Enablers of impunity (1)
Alexander Solzhenitsyn, the Russian writer and dissident who wrote the widely read “The Gulag Archipelago: An Experiment in Literary Investigation,” once said, “Evil people always support each other; that is their chief strength.” Originally published in 1970, the book had limited circulation in Russia but was published widely in the West in 1973.
A staunch critic of Joseph Stalin, Solzhenitsyn was imprisoned in one of the Gulag camps but managed to survive. Gulag was a system of forced-labor camps that was first established in 1919, during the dictatorship of Vladimir Lenin. Gulag is an acronym of the Russian phrase, Glavnoe Upravlenie Lagerei, (English translation: Main Camp Administration).
Stalin succeeded Lenin and became a dictator himself. Originally, the Gulag had more than 80 prisons and had few prisoners then. But over the years of its existence under Stalin’s dictatorship, the Gulag incarcerated about 18 million people. Prisoners in the Gulag had to endure horrific, inhuman treatment that required each of them to work under harsh, sub-zero temperatures, without appropriate clothing, and deprived of adequate food.
The Gulag camp administration was a showcase of man’s cruelty to fellow human beings. It showed a highly organized structure of impunity, starting with Stalin as its main implementer and enabler, as he made decisions on who to be imprisoned there and on how they were to be treated. He was supported by his cronies of equally beastly henchmen, who carried out Stalin’s orders. Any violations of the camps’ rules can aggravate the punishment of the prisoners. Women prisoners were not spared the cruel treatment in the Gulag. Aside from doing heavy manual labor, they were also vulnerable to being raped—either by their fellow male prisoners or by the prison administrators.
After Stalin’s death in 1953, a new Russian leader rose to power, Nikita Khrushchev. While a member of the Russian communist party, Khrushchev criticized it fiercely, and upon his assumption of the Russian presidency, he ordered Gulag’s closing. Survivors who were released shortly were so traumatized—many of them refused to talk about their Gulag horrendous experiences even after years of living freely.
All these came to mind last week, as all freedom-loving peoples of the world commemorated two globally known historical events that became the tragic consequences of various acts of impunity at the highest levels of government bureaucracy. First is the first anniversary of Russia’s invasion of Ukraine, which started on Feb. 24, 2022. The second is our own democracy’s contribution to the growing consciousness, on a global level, of “people power”—the first “bloodless” revolution staged at the iconic Epifanio de los Santos Avenue, popularly known as Edsa, on Feb. 25, 1986.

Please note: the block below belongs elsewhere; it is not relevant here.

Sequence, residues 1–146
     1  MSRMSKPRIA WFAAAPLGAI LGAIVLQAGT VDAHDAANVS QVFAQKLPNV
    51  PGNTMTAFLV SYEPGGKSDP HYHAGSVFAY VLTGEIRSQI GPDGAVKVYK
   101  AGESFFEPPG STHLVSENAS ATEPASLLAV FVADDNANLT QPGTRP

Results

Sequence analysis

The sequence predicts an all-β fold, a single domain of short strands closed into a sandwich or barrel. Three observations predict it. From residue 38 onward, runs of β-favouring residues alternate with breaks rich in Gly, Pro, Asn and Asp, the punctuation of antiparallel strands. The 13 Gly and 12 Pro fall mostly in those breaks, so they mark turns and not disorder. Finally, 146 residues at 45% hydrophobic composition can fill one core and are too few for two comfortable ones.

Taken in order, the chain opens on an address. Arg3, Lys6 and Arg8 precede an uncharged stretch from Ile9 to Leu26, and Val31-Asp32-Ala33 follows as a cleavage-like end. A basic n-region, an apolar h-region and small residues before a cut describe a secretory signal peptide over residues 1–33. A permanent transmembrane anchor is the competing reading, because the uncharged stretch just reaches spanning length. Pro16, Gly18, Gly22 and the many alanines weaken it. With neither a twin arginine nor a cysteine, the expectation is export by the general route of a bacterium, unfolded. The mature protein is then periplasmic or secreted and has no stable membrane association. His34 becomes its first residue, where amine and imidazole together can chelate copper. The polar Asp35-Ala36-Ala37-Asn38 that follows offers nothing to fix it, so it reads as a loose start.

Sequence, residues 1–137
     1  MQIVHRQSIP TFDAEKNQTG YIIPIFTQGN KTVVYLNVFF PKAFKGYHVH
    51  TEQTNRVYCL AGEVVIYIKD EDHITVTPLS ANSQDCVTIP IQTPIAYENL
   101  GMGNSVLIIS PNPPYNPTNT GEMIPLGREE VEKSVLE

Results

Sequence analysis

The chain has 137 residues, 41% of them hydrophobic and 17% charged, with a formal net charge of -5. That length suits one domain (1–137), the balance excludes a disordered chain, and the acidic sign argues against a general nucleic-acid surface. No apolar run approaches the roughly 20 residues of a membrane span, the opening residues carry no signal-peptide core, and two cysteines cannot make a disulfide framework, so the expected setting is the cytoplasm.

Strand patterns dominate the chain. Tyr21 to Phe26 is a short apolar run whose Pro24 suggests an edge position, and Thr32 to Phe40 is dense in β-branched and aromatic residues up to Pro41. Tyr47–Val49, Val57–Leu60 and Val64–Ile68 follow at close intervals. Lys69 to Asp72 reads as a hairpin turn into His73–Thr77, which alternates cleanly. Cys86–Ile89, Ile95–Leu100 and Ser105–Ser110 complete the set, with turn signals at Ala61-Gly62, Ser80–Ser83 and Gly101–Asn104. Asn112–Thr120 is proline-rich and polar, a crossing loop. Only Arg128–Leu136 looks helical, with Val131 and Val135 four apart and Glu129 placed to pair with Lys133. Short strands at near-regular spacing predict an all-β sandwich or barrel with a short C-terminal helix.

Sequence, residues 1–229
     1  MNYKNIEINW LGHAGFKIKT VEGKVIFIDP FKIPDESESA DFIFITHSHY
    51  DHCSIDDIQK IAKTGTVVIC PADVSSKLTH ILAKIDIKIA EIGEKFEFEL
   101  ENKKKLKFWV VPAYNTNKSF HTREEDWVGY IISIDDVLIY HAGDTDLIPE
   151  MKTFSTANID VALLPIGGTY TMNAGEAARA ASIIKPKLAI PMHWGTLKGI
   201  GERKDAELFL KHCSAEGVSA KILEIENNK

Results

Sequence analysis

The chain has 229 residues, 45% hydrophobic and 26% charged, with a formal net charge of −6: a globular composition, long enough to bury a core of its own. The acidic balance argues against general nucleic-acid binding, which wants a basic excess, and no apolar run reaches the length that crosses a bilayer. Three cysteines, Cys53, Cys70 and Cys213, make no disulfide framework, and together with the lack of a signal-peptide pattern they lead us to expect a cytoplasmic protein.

The two events are quite disparate, in both space and time. But both are tragic events that could have been thwarted—if structures preventing acts of impunity committed by the most powerful individuals in the highest echelons of government have been put in place, and implemented strictly, without fear or favor.
Russia’s invasion of Ukraine is one that leaves us bereft of words to describe the authoritarian grip of its modern version of a Stalin—Vladimir Putin. On the first anniversary of his order to invade Ukraine, several talk shows on global television networks like CNN, Al Jazeera, and BBC have analyzed, and maybe, overanalyzed not only Putin’s dogged determination to destroy Ukraine at all costs but also about the enabling roles of countries that have either supported Russia or Ukraine.
The first Philippine people power revolution was the highlight of a long and persistent struggle against martial law among a mix of activists coming from different political orientations. While diverse, they all had a common agenda in mind—to boot out the Marcoses from Malacañang and to end the country’s dark period of martial law under President Marcos Sr. from 1972 to the early 1980s. Members of the clergy, and some former cronies of the “conjugal dictatorship” then banded together to end more than a decade of state-led acts of impunity, enabled by a despotic leader, and his coterie of highly sycophantic Cabinet members and private sector cronies.
(To be continued)
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